DFC is committed to transparency, Boehler said, and the decision not to abide by the Sunshine Act “was largely a technical matter.” The agency will have two public board meetings per year, provide public notice for environmental impact assessments, and release details about all active projects.

He noted that the agency opened a public comment period to seek input on whether it should change its policies and consider investing in nuclear energy — which Boehler said was not required.

Several of the development experts Devex spoke to said DFC has had less community and stakeholder engagement in the past six months than OPIC — the agency’s predecessor — had in its last year, when meetings of various groups providing policy feedback were frequent.

“I don’t know if it’s that we got through the phase of engaging with stakeholders and they need to get to business to stand it up, or the diversion of COVID, or a leadership change, but it’s not as important,” said George Ingram, a senior fellow at the Brookings Institution.

Boehler pushed back when asked about concerns over decreased engagement, saying that he and other senior leaders of the agency have spoken at a number of events.

But speaking invitations for Boehler to make his case and answer questions is “a much different engagement” than seeking community advice on concrete policy issues and having a more collaborative process of consultations, Ingram said.

“We understand they are up against a lot, but we want to make sure transparency stays a priority. And to me, right now that’s a question.”

— Sally Paxton, U.S. representative, Publish What You Fund

While there may have been some pause in engagement because of COVID-19 and a focus on building its portfolio, DFC has done “quite a bit,” Boehler said.

When asked about the agency’s stakeholder engagement policy — the BUILD Act requires DFC to develop a publicly available policy about “consultations, hearings, and other forms of engagement in order to provide for meaningful public participation in the Board’s activities” — Boehler said he was unaware of such a policy and would need to get back to Devex.

Accountability

DFC has also not released details about its new accountability mechanism. Accountability advocates are asking for more information and a voice in the process of creating the tool so that communities have the ability to raise complaints about projects’ adverse impacts.

DFC should develop a strong accountability mechanism to ensure it is not harming people, Stephanie Amoako, a senior policy associate at Accountability Counsel, told Devex. Rather than just copying OPIC’s mechanism, the agency should reflect on what has and has not worked and look at best practices from other institutions, she added.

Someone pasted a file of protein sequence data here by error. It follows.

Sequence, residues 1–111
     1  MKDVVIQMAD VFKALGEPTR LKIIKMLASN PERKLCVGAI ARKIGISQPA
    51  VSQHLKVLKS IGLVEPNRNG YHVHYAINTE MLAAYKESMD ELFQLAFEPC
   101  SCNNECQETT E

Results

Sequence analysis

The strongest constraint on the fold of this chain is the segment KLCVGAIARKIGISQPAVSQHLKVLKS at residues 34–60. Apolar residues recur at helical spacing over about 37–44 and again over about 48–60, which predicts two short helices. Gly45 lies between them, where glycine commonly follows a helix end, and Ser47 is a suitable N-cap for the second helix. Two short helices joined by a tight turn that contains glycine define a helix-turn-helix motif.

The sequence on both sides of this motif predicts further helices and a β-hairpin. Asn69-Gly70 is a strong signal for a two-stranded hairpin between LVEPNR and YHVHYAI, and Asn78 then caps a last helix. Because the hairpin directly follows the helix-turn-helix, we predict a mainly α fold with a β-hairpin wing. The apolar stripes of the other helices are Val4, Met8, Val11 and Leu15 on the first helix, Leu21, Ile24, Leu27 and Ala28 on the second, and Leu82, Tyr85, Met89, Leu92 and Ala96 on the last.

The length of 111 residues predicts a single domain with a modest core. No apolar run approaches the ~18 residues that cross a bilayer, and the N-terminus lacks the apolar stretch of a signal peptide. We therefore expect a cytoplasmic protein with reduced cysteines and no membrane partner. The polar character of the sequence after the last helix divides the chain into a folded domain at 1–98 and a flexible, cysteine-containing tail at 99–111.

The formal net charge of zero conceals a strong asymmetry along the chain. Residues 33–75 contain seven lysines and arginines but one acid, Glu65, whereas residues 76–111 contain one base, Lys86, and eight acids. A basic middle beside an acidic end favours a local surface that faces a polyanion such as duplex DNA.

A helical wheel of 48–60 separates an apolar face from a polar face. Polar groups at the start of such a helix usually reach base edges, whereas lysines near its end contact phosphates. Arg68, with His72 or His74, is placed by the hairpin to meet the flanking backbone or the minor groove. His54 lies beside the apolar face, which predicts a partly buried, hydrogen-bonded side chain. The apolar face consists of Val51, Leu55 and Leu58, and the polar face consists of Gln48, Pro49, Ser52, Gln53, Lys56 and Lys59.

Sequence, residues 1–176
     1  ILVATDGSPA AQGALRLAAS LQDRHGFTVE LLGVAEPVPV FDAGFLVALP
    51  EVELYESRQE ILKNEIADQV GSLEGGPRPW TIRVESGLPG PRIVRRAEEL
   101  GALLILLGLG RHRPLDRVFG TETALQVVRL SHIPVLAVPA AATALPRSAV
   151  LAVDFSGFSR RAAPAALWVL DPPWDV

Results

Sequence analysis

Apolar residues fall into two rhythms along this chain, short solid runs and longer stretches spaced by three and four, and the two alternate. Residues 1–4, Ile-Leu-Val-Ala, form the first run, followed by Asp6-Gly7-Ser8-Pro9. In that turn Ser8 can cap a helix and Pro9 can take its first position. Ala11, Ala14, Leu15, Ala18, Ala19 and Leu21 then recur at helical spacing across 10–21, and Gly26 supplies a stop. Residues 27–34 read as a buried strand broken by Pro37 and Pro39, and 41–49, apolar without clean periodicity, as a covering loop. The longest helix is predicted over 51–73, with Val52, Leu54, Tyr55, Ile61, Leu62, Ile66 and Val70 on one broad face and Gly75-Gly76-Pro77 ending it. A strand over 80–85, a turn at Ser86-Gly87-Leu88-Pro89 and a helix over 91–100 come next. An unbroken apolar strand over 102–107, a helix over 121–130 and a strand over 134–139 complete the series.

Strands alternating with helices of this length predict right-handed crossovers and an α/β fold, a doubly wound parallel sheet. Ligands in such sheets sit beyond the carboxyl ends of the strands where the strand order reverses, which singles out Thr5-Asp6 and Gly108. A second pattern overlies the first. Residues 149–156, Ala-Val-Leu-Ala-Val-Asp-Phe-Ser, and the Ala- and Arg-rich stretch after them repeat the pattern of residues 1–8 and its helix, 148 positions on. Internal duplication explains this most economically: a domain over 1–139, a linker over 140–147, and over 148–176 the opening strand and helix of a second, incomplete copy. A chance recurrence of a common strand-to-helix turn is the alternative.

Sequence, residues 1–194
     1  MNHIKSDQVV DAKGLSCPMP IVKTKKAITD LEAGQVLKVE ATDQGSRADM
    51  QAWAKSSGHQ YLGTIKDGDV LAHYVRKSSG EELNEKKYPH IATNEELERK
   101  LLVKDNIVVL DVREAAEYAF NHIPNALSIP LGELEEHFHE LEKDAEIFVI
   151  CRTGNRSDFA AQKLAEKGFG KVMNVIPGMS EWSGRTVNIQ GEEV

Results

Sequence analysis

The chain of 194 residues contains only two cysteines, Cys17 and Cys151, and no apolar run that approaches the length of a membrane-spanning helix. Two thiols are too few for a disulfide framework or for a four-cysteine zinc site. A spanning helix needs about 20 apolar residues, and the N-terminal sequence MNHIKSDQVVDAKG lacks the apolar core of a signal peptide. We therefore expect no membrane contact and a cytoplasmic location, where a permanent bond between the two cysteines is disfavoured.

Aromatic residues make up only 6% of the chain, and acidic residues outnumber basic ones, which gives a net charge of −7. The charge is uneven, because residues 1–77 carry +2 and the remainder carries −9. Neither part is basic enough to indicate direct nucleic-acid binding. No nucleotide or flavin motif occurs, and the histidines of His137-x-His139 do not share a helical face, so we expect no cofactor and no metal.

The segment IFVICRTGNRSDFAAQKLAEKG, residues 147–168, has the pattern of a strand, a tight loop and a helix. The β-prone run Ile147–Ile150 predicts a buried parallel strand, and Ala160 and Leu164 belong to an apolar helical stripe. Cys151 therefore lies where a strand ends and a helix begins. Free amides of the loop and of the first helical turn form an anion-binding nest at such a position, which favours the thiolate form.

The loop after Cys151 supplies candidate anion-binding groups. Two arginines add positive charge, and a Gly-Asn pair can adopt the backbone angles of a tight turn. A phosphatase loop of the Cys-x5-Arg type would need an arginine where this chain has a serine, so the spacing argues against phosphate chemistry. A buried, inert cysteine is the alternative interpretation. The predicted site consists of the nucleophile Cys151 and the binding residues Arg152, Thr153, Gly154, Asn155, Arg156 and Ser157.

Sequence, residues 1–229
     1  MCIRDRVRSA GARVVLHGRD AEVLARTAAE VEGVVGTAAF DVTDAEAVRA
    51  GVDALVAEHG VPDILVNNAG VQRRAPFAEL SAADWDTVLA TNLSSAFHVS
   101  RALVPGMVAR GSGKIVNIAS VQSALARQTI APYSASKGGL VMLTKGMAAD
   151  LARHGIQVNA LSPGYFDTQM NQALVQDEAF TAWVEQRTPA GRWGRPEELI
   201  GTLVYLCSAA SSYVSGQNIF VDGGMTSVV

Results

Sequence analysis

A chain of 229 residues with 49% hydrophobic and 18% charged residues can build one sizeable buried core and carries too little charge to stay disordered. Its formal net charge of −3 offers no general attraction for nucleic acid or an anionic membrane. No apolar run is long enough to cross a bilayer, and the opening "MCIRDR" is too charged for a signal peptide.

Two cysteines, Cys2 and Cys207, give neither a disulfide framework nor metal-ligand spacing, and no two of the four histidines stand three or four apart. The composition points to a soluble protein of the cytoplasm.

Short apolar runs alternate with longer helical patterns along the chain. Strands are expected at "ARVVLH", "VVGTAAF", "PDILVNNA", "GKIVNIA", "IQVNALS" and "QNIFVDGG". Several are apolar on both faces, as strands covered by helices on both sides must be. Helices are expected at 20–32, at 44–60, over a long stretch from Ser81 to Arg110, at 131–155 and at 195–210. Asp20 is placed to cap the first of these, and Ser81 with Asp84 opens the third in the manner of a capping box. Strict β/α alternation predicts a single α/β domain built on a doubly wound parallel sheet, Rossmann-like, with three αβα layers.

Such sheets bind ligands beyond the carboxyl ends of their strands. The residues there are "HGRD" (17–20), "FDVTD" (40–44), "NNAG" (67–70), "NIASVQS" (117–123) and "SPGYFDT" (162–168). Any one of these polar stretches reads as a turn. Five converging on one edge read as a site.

“We want to see [it] implemented, but not in a ‘check the box, we did that’ way, but robustly implemented to reflect best practice and effectiveness,” she said.

Amoako called on the agency to set up a public consultation process about the mechanism that is advertised on the federal register and provides an opportunity for participants to look at the policies under consideration and respond to them. The European Bank for Reconstruction and Development, which recently reformed its accountability mechanism, can provide a good example of how a process could be managed, she said.

Some of the recommendations that Accountability Counsel has for a new mechanism are: allowing claims even after a project is completed, since negative impacts may not be immediately apparent; ensuring communities have knowledge of the mechanism; having a zero-tolerance policy for retaliation based on claims; and creating a remedy or redress fund to ensure resources are available in case a project creates harm.

“If the building blocks are not in place, there are a lot of risks that come from that,” she told Devex.

While the public hearing prior to the closed board meeting did not provide an opportunity for an exchange between organizations and DFC, Boehler later told Devex that the agency is working closely with the State Department to set up the mechanism and is in the midst of the process.

DFC hopes that the mechanism will be up and running in the next couple of months but does not yet have details to share, Boehler said, adding that he is interviewing inspector general candidates and aims to have the position filled soon.

About the author

  • Adva Saldinger

    Adva Saldinger is a Senior Reporter at Devex, where she covers the intersection of business and international development, as well as U.S. foreign aid policy. From partnerships to trade and social entrepreneurship to impact investing, Adva explores the role the private sector and private capital play in development. A journalist with more than 10 years of experience, she has worked at several newspapers in the U.S. and lived in both Ghana and South Africa.